The main deterrent to purchasing organic is often the price point, which many consumers can’t seem to justify. It makes sense; it can be tough to choose to spring more cash on organic fruits and veggies when their conventional counterparts seem exactly the same. While it can be easy to fall into this mentality, there are numerous (legit) reasons why organic foods often cost more. Curious? Read on for the top 5 reasons organic food is more expensive than conventional.
1. Organic Certification
It is expensive for a farm to become certified organic and to maintain that certification. In addition to initial application and site inspection fees, farms may also have to upgrade their equipment and are required to operate in an organic fashion for three years prior to achieving certification—without the income benefits that come with the USDA Certified logo. On top of these initial expenses, there are annual inspection and certification fees. All this adds up to about $875 up front plus $740-$1,500 for yearly renewal for a small farm or producer.¹
2. Operational Costs
To put it simply: it costs more to run an organic farm than a conventional one. From natural fertilizers to organic animal feed, the prices of materials used in organic farming far exceed the prices of synthetic, chemical and GMO materials used on conventional farms. In addition, organic farming relies more on traditional tilling, planting and harvesting methods—which means more labor. As organic farms are typically much smaller than conventional ones, they don’t benefit from economies of scale. All this factors into the cost of producing organic food.
3. Lower Yield
Organic farms produce smaller harvests—a.k.a. fewer sellable crops—than conventional farms. Many factors play into this: They typically have less land on which to grow. They don’t chemically alter the environment to kill pests and other threats. They don’t use GMOs. And they don’t rely on monocropping—crowding a plot with tons of the same crop. All of these practices, which are used by conventional farming, help produce an unnaturally high volume of crops. With less produce to sell, organic farms need to make the price point slightly higher.
Subsidies are payments given by the US government to certain farms and agribusinesses, which then lowers costs of that food for consumers (but keep in mind that the money comes from our taxes!). The government overwhelmingly subsidizes conventional agriculture over organic. Research conducted by the California Public Interest Research Group found that, “between 1995 and 2010, American taxpayers spent over $260 billion in agricultural subsidies, with most of these subsidies given to the largest farming operations in the United States. Worse, most subsidies were used to finance commodity crops such as corn and soybeans that are often processed into food additives like high fructose corn syrup and vegetable oil and then used in junk food.”² Good times.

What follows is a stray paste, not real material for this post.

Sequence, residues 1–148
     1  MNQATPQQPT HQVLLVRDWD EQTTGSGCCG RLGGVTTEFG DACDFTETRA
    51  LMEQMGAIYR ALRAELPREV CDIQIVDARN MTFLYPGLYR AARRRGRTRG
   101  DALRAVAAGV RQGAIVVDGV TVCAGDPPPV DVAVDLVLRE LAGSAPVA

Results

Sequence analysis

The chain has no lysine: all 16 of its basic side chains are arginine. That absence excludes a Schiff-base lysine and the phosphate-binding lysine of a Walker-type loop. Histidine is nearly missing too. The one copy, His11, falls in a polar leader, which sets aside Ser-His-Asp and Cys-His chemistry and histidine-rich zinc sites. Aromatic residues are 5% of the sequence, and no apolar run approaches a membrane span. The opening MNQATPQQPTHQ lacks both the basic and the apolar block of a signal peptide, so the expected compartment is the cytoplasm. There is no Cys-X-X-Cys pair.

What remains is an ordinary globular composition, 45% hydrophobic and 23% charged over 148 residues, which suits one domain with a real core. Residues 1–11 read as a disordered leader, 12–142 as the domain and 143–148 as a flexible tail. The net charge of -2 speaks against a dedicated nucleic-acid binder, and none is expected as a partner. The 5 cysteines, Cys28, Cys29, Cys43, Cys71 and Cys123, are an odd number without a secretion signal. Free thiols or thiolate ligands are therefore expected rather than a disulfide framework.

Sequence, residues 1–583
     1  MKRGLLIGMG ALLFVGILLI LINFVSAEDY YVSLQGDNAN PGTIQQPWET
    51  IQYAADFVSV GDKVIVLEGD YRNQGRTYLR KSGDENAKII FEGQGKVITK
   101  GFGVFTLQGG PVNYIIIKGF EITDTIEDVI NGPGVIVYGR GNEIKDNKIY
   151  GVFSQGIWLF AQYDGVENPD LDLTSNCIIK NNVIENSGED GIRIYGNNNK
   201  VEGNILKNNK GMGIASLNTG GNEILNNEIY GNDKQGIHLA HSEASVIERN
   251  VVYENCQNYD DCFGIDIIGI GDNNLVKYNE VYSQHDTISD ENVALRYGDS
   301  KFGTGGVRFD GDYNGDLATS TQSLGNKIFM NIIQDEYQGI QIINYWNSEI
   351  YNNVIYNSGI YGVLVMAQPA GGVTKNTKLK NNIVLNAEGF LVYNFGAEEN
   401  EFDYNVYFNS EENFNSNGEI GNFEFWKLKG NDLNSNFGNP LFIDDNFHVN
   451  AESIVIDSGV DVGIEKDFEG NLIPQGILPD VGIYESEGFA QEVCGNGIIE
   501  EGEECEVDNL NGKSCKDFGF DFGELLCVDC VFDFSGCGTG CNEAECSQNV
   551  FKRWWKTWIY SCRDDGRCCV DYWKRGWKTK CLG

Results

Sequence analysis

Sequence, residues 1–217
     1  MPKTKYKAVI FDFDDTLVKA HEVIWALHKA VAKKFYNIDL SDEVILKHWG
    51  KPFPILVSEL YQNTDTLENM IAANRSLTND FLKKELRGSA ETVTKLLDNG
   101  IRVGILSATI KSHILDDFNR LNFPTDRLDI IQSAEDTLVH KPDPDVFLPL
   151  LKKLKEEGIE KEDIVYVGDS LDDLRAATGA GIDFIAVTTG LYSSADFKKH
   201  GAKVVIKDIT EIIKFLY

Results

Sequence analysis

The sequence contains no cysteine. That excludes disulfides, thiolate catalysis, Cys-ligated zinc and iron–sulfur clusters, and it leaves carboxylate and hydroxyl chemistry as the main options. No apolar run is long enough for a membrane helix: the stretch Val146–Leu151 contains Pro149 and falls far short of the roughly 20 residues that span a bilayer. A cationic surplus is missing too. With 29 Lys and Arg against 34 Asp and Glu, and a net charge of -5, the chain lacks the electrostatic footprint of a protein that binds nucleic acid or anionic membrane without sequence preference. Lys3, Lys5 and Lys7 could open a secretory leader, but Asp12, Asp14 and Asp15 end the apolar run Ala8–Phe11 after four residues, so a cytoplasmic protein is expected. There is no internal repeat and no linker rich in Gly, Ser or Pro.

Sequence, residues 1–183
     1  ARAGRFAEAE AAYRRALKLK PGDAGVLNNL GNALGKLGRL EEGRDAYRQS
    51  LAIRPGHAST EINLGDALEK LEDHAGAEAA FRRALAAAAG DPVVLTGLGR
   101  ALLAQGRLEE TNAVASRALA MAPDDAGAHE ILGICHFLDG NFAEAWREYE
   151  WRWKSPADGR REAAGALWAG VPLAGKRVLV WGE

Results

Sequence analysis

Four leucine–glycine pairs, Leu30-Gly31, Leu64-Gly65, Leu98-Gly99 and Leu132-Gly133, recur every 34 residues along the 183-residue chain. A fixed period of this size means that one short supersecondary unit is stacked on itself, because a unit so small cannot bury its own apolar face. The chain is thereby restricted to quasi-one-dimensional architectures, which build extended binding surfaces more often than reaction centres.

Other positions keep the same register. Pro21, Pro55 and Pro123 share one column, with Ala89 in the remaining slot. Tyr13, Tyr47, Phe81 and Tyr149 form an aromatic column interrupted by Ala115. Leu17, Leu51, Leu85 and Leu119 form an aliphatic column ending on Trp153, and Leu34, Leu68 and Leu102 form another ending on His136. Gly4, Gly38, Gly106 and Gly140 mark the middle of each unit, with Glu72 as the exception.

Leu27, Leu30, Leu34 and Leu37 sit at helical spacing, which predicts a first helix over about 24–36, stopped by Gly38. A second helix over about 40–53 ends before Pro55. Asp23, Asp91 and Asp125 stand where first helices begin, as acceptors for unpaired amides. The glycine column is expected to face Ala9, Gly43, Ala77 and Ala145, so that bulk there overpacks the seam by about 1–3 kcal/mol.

5. Cleaner Ingredients
When an organic food product has a USDA organic certification, it means that at least 95% of its ingredients are certified organic—which are higher quality, more expensive ingredients. In addition, there is an extensive list of cheap, processed food additives, flavors and preservatives that are barred from inclusion in organic certified food products (because they may cause harm to our bodies)—but are used widely in conventional foods. Cheaper ingredients make conventional foods cheaper to produce, and thus cheaper to buy. In this case, the old adage is true: you get what you pay for.
Whether or not these reasons influence your decision to spend a little more of your hard-earned cash on organic foods is, of course, up to you. As a consumer, it’s important to equip yourself with knowledge to feel empowered and make informed decisions. Next time you’re in the produce aisle staring at that bunch of kale, you’ll at least know why it costs a tad more than the conventional kale across the way. Your move is up to you.
Curious to learn more about the differences between organic and conventional agriculture? Read "Real Talk: Organic vs. Conventional Agriculture" or head to our Organic Resource Library for additional materials. Plus, be sure to follow @navitasorganics on social media throughout September (and beyond!) for more education on the importance of organic.
¹COOF, “Organic Certification Fees”. Accessed Aug 13, 2019. <https://www.ccof.org/certification/how/organic-certification-fees>.
²The Balance Small Business, “10 Reasons Organic Food Costs More”. Accessed Aug 13, 2019. <https://www.thebalancesmb.com/reasons-organic-food-costs-more-2538165>.